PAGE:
The Danish Girl
The Danish Girl lacks an immediacy and vibrancy, as well as a genuine sense of emotional connection.
Among the things you will learn from watching Buster Keaton's "Our Hospitality":
● A novel method for easily collecting firewood.
● How to move a donkey away from railroad tracks, or vice-versa.
● How to improvise a boat.
● How to make a lady from a horse's behind.
● How to put on a top hat in a low-ceilinged carriage (and why a porkpie hat is so obviously preferable).
In other words, the act of seeing this movie will immeasurably improve your life.
Technically speaking, "Our Hospitality" is Keaton's first feature as auteur and his first masterpiece. It was released in 1923, not long after "The Three Ages," which was constructed so that it could be broken back down into two-reelers if this "feature-length" comedy thing didn't work out. It isn't his fastest, funniest or most dazzlingly inventive picture (debate amongst yourselves: "Sherlock Jr."? "The Navigator"? "The General"? "Steamboat Bill, Jr."?), but it is my sentimental favorite because of its serene, nostalgic beauty -- a vision of a halcyon world (America, circa 1830) that was already, of course, charmingly old-fashioned by 1923 standards. [...]
The journey of the Out-Bound Limited from New York to Appalachia is one of my favorite passages in all of cinema. It's like a memory inside a dream: a locomotive that looks like an antique children's toy (but is, in fact, a replica of the 1829 Stephenson's Rocket, an early steam engine), pulling a string of what look like eccentric stagecoaches outfitted for rail conveyance. Keaton loved trains, and while "Our Hospitality" can be seen as a forerunner of "The General" (it was even photographed in some of the same parts of Oregon), this vehicle is not one of the powerful, speeding behemoths of Keaton's Civil War-era epic. Instead, the OBL rolls along at a leisurely pace (slow enough that Willie's dog can walk between its wheels), which is a good thing because whoever put down the tracks lazily draped them right over any logs and boulders that got in the way. It's a bumpy ride, but there's something mesmerizingly tranquil about the train's inexorable (though not uninterrupted) movement through the halcyon early-American landscape.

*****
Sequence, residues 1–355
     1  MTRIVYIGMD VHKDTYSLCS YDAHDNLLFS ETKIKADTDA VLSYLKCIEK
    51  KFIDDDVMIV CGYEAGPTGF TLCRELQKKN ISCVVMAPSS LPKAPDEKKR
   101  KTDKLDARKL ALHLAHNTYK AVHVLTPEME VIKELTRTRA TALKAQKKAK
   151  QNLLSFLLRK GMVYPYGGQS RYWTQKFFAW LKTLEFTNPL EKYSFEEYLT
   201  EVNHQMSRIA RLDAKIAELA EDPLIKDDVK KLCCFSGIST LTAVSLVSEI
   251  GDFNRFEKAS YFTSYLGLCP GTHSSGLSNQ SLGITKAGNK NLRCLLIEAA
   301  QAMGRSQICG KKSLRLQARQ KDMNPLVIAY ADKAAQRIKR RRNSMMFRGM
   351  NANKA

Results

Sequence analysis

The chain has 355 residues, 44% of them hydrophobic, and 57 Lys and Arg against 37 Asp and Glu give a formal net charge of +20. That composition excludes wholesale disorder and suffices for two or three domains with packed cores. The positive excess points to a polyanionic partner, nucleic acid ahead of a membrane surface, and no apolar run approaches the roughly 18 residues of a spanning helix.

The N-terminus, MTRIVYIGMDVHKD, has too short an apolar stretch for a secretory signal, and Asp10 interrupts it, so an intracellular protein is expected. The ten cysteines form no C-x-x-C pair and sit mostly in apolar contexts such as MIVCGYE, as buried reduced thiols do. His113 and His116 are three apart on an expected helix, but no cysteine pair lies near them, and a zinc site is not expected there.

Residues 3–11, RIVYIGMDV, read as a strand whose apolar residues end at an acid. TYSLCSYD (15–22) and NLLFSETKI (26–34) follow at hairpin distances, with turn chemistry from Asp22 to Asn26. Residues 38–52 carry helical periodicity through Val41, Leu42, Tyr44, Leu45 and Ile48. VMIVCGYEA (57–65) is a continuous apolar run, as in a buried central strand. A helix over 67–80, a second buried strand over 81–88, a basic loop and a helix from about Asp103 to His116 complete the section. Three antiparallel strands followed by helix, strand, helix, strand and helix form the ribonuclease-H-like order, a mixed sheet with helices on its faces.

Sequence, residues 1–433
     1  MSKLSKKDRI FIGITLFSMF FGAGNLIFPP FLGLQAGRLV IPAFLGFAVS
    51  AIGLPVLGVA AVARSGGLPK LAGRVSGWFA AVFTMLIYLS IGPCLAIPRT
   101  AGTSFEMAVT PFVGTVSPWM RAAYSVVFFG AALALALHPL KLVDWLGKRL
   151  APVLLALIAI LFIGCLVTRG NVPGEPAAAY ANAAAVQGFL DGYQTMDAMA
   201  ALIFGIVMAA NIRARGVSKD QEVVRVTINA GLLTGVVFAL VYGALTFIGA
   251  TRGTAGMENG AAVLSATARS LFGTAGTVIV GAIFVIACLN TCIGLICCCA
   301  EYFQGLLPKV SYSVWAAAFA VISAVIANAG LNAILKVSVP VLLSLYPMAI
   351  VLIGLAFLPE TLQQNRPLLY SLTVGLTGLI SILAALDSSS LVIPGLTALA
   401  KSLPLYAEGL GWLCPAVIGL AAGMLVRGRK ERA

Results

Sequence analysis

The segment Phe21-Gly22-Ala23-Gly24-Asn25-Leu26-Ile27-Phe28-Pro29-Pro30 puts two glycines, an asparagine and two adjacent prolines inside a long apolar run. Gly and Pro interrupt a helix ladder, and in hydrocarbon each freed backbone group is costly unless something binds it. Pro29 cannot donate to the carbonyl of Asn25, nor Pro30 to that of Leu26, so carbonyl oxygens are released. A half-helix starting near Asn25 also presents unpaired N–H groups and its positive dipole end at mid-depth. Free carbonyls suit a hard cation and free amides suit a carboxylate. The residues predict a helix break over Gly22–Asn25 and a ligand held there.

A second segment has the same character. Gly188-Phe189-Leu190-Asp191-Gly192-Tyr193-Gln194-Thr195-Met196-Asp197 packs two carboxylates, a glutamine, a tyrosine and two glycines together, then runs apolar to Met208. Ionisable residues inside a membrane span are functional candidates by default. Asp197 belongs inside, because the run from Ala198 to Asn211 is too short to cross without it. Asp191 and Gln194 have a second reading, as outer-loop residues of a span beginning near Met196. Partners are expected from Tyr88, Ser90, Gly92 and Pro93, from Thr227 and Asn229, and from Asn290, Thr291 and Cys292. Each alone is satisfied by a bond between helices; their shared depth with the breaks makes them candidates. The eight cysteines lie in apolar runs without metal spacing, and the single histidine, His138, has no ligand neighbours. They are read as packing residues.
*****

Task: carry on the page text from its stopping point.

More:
The universe of Buster Keaton is a miraculously adaptable one, where a cookie-cutter tunnel shape accommodates both a locomotive's smokestack and a cabooseman's stovepipe hat; where Keaton can transform a train car crashing off the tracks into a canoe smoothly piloted down the river with a shovel for an oar; where a rope tied to a jammed log at the crest of a waterfall becomes, for an instant, a miraculous instrument of redemption. [...]
A word about spacial integrity: Two of the movie's most breathtaking (and dangerous) gags involve backlot sets and stuffed stunt dummies -- but the most thrilling parts involve real bodies hurling through space, with no optical effects, in unbroken takes. Yes, those are mannequins that plummet from a precipice and into the water, but the men clinging to the rocks (even if they're studio rocks) are flesh-and-blood, as they are when they find themselves submerged. No, that is not Natalie Talmadge (who was pregnant at the time with the second Keaton boy, Robert) at the lip of the falls, but Buster's flying-trapeze intervention is physical reality. It is said that he swallowed so much cascading water that he almost drowned. Medics were called.
Another reason I have such affection for this film is that it's a family affair: Keaton's marriage with Natalie soured after Robert was born, but at this time she and Buster were still a feasible couple. "Our Hospitality" is the only film to feature three generations of Keatons. Buster's father Joe, who often appeared in his son's pictures, plays the engineer of the Out-Bound Limited. (Watch for the moment in which he reprises one of his signature vaudeville moves, kicking off a man's hat from a standing position.) Also, few films display such affection for the pantomimic talents of animals. A particular dog, a horse and a donkey show off comedic charisma to burn.
Most of all, I simply love and connect with the way Keaton sees the world. "Our Hospitality" (co-directed by Keaton and Jack Blystone) displays some magnificent pictorial compositions, worthy of John Ford: the Out-Bound Limited seen from under a silhouetted outcropping of rock; Keaton scampering across a mountain, with a hazy valley stretching out below him. Again and again Keaton will place the camera in the most natural and unobtrusive place and then, in the course of the shot, allow reality to reveal itself in all its wonder -- whether it's looking down a tangle of railroad tracks at the possible trajectories available; or spying an absconder in drag from the rear; or peeking through a bedroom door... What is first viewed through the frame is not always what it appears to be. But these aren't just tricks or sight gags (though they're often really funny); they are the very fabric of Keaton's constantly transforming cosmos.
What a marvelous place it is.
You can read the whole thing here.
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